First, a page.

There was more evidence than ever before that the TV networks were interested in viewers interacting with the content. CBS opened with a YouTube video from "CSI" fan StewMurray47, who had captured Caruso's "endless one-liners" in an amusing mash-up. NBC proposed six special episodes of "Heroes" dubbed "Origins," which will allow viewers to vote for a new cast member for the following season. And CW offered a Sunday-night best-of-the-web clip show where viewers will be able to upload their own videos to the site.

Univision invites viewers onstage
Univision, which has always stressed engagement over numbers, went a step further. New CEO Joe Uva dubbed the network's presentation "the first user-generated upfront." It featured 14 viewers onstage who had sent in YouTube-like videos about why they (and their kids, dogs and pet iguanas) love Univision. Dubbed Team Univision, the presence of those genuine viewers and their enthusiastic appreciation -- of coming novelas, a miniseries Jennifer Lopez turned up to describe, and a performance by Marc Anthony and other highlights -- was a clever sign of the audience engagement all the networks are trying to claim.

In addition there was more talk than usual about relevant trading issues such as commercial ratings and engagement, as well as offers of branded integrations from the network's ad-sales chiefs.

Surprisingly, the CW's presentation seemed to be the buyers' favorite, with a slate of promising shows and a clear strategy for hyper-targeting its core 18-to-34-year-old audience. Coming fourth out of the five major presentations, the WB/UPN hybrid kept its focus on experimenting with unusual ad configurations. The net announced it would offer five-second branded "Cwickies" for pod integration, coupled with its popular content wraps from last season. Jason Maltby, executive director of broadcast at MindShare, said he expected to see more examples of pod experimentation from the networks and was pleasantly surprised by CW's offerings. "They probably had the lead on unique formatting ideas," he said.

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Photo: Michael Courtney Photo: Gale Adler
From producer Kevin Smith, this comedic show about a 21-year-old guy whose parents sell his soul to the devil has the potential to become the next "Buffy the Vampire Slayer." Jason Maltby, MindShare's director broadcast, said he'd watch as long as Smith stays onboard.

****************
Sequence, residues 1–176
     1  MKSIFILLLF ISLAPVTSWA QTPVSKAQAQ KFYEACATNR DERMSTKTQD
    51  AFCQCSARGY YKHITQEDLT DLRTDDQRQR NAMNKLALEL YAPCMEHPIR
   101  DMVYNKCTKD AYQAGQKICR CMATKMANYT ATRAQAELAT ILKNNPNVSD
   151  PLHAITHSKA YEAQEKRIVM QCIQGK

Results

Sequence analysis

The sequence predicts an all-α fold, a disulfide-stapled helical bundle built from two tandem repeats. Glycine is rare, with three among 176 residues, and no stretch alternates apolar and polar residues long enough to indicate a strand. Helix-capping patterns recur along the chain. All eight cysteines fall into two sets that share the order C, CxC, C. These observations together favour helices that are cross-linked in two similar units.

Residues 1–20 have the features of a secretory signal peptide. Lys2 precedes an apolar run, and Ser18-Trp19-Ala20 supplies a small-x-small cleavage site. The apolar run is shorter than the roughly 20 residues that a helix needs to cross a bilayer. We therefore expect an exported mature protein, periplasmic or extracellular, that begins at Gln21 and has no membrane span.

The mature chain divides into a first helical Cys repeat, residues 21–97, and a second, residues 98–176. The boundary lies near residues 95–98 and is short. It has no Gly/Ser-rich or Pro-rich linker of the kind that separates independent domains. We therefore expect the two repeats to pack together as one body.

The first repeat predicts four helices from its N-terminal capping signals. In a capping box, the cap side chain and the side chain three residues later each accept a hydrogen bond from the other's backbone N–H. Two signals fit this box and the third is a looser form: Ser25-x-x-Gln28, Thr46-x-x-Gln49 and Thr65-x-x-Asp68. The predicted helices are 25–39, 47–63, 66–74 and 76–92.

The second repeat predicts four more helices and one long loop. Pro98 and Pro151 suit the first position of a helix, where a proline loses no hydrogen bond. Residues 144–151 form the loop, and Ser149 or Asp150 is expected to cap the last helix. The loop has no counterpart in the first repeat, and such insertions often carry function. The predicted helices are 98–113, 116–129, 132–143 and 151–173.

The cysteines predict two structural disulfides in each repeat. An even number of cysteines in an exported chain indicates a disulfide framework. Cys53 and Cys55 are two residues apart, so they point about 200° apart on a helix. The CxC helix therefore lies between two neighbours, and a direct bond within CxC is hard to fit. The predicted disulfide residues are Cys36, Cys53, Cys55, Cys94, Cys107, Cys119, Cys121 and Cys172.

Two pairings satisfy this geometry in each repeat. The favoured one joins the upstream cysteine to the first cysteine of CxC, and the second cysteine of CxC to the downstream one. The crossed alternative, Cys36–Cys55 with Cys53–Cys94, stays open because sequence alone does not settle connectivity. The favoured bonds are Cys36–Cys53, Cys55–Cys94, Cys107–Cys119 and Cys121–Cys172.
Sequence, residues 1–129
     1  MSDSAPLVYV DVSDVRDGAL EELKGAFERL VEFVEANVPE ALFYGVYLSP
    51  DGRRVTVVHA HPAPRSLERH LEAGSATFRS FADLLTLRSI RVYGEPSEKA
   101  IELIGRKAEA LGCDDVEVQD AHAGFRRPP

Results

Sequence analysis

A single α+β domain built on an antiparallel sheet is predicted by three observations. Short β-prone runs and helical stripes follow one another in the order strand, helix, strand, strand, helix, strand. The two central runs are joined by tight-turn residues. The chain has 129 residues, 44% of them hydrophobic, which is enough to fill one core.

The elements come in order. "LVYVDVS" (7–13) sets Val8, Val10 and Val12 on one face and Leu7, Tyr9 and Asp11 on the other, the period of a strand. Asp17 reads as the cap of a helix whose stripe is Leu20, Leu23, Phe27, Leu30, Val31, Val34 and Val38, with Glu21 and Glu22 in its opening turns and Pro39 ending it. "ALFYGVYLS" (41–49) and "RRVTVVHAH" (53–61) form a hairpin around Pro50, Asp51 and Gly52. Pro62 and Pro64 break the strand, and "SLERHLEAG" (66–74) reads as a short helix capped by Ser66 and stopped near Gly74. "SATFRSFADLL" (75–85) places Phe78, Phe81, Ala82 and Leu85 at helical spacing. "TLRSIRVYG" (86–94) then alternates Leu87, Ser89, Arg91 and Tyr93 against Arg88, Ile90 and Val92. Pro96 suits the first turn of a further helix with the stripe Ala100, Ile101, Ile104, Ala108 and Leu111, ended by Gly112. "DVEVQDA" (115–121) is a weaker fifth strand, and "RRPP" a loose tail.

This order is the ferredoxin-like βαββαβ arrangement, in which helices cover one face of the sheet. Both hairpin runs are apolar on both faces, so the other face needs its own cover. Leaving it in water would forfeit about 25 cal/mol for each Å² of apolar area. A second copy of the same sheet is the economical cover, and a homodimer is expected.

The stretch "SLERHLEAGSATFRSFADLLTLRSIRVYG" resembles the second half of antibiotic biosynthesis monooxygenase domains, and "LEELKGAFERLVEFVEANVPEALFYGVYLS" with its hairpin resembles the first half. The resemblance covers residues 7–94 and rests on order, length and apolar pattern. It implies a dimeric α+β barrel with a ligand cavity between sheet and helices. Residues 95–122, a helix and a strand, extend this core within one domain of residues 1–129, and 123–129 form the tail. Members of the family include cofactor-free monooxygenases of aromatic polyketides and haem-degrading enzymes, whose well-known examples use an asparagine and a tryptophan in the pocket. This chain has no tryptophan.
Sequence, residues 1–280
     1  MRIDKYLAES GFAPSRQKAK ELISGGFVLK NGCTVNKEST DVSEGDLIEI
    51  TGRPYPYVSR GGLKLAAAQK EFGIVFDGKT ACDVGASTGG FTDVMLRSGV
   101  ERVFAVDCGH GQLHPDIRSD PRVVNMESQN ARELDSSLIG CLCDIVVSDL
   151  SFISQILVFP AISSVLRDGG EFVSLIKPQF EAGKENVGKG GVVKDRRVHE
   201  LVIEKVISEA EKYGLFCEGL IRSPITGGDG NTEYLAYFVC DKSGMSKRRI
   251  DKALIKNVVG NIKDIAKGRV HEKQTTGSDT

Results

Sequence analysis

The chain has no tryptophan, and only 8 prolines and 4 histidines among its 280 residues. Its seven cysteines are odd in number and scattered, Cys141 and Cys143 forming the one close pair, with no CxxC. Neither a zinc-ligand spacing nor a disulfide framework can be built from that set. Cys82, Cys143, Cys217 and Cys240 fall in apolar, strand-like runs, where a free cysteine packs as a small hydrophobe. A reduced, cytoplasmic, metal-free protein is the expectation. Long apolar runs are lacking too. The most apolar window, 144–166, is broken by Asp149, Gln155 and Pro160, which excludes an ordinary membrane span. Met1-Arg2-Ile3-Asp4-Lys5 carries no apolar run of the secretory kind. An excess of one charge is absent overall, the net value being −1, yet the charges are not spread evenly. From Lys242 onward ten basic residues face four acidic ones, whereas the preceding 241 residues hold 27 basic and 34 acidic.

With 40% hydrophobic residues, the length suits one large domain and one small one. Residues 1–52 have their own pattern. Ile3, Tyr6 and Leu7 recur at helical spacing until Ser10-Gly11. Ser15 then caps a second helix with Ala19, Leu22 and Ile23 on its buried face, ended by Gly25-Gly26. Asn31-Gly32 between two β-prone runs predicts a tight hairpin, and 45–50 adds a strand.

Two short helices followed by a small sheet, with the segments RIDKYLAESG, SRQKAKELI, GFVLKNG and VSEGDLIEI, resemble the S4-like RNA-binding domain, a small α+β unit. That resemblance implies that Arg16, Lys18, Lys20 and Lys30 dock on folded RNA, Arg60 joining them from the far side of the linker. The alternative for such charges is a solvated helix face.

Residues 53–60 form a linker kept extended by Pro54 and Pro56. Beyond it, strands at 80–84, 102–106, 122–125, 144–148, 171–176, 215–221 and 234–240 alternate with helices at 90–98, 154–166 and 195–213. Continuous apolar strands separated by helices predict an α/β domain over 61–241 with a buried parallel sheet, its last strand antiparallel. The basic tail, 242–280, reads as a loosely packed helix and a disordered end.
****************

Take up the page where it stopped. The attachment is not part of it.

Just because it worked for a Geico commercial doesn't necessarily mean it translates to a half-hour sitcom. Laura Carraccioli-Davis, Starcom's director entertainment, was dreading the pilot should it turn out to be "truly ... as bad as that clip was."
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Photo: Joe Viles
The season's highest-profile comedy with the most can't-miss cast: "Frasier" star Kelsey Grammer and "Everybody Loves Raymond" vet Patricia Heaton. Brad Adgate, Horizon's director of research, said the show looks "cute" and would provide a good lead-in to sophomore sitcom 'Til Death.'"
In a season full of time travelers, this show has the most hurdles to jump in some buyers' minds. Entertainment President Kevin Reillymay have touted the show's pilot as having the best test scores in five years, but Magna Global's Steve Sternberg pointed out that's "usually not a good sign."
"Sex and the City" clones "Lipstick Jungle" and "Cashmere Mafia" will likely cancel each other out, but this male-oriented take on the highpowered-friends show looks like it could rise above the pack of copycats.
Sure, a show about a single vampire looking for love hasn't been done a million times before, but does that make it any good? As one buyer bluntly put it, "I wouldn't loan any money to that show."
Contributing: Claire Atkinson, Laurel Wentz